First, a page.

Cushioned living ~ Elephants ~ 36
SEWA Self Employed Women’s Association is a member based organization of poor self-employed women workers. Established in 1972 by Ela Bhatt, SEWA is registered as a trade union and has a membership of 1.73 million women workers across eleven states of India. These women work in the informal sector of the economy and do not have a fixed employer-employee relationship. SEWA’s main goal is to organize the women workers for full employment and self-reliance. Full employment means employment whereby workers obtain work security, income security, food security and social security (at least health care, child care and shelter). By self-reliance we mean that women should be self-reliant, individually and collectively, both economically and in terms of decision making ability.
SEWA is also organizing women workers in the informal economy in the neighboring countries of South Asia viz. Afghanistan, Bangladesh, Bhutan, Maldives, Nepal, Pakistan and Sri Lanka. The Hansiba Museum at Radhanpur is the first museum in Gujarat owned and managed exclusively by women artisans of SEWA.
The region around Radhanpur is home to many craft communities- Ahirs, Rabaris, Chaudhari Patels, Harijans, Darbars, etc. who practice various kinds of hand embroidery and appliqué traditions. SEWA has organized around 20,000 women artisans in Vagad and Chorad region of North Gujarat. The Ahirs are a pastoral community that migrated approximately 1100 years ago from Mathura, the land of Krishna. One of the greatest communities with over 10000 members, the Ahirs comprise of Patels and the Brahmins. They practice an embroidery style locally called ‘Soi Bharat’.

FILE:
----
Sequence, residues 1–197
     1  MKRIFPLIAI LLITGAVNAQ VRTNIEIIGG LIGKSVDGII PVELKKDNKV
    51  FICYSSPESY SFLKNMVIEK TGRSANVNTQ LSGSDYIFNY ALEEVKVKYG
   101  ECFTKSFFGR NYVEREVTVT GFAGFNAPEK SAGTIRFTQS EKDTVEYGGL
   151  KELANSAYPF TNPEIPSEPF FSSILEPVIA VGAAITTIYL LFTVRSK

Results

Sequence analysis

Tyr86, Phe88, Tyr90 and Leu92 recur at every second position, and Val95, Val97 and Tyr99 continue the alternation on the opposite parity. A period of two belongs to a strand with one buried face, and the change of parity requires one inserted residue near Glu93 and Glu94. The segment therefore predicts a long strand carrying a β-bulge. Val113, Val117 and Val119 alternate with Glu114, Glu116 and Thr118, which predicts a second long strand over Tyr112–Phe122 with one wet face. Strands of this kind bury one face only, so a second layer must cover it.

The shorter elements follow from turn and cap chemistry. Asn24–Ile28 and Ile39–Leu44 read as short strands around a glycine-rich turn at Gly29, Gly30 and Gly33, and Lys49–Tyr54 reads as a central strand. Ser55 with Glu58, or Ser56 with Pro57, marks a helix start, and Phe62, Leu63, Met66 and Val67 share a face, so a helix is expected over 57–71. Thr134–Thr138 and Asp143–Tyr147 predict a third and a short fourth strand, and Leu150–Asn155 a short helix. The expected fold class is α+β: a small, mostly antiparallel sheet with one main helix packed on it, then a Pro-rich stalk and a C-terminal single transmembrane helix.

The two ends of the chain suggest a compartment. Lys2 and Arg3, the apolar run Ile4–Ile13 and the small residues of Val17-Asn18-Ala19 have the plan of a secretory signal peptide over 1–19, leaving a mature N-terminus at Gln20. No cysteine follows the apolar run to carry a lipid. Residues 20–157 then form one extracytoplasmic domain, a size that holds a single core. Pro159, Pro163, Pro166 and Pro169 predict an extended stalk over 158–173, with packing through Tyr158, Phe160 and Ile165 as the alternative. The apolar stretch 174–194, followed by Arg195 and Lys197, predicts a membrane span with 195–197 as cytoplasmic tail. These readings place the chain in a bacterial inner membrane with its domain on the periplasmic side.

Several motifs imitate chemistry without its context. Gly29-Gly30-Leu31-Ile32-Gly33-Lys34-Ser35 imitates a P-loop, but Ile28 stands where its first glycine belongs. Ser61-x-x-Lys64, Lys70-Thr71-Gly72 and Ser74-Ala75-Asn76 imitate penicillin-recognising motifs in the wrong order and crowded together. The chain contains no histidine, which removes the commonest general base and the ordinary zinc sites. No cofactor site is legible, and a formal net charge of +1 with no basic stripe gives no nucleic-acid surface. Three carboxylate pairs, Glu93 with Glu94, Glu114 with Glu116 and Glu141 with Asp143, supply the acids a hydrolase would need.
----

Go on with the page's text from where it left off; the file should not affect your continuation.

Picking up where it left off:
The Rabaris are a pastoral nomadic community known for their distinctive embroidery style which comprises of bold shapes and a generous use of glass mirrors in various shapes: round, lozenge rectangular, square, triangular, and beak shaped. To this, at times, they add appliquéd motifs in bright colors. Approximately 500 craftswomen in this region continue the tradition, handed to them over generations.
The Chaudhari Patels, worshippers of Harbuda devi megrated to this region around 200 years ago. They use open chain stictch and herringbone stitch generously in their exquisitely embroidered textiles. Around 500 artisans are engaged in the craft in this region.
The Mochi community comprising of around 1500 artisans practice the Aari embroidery, also known as Mochi Bharat or the Cobbler’s stitch. This type of embroidery is worked with a cobbler needle, which is a kind of hook needle, locally called ‘aar’. It requires considerable skill and extensive practice since the thread is introduced from below the fabric.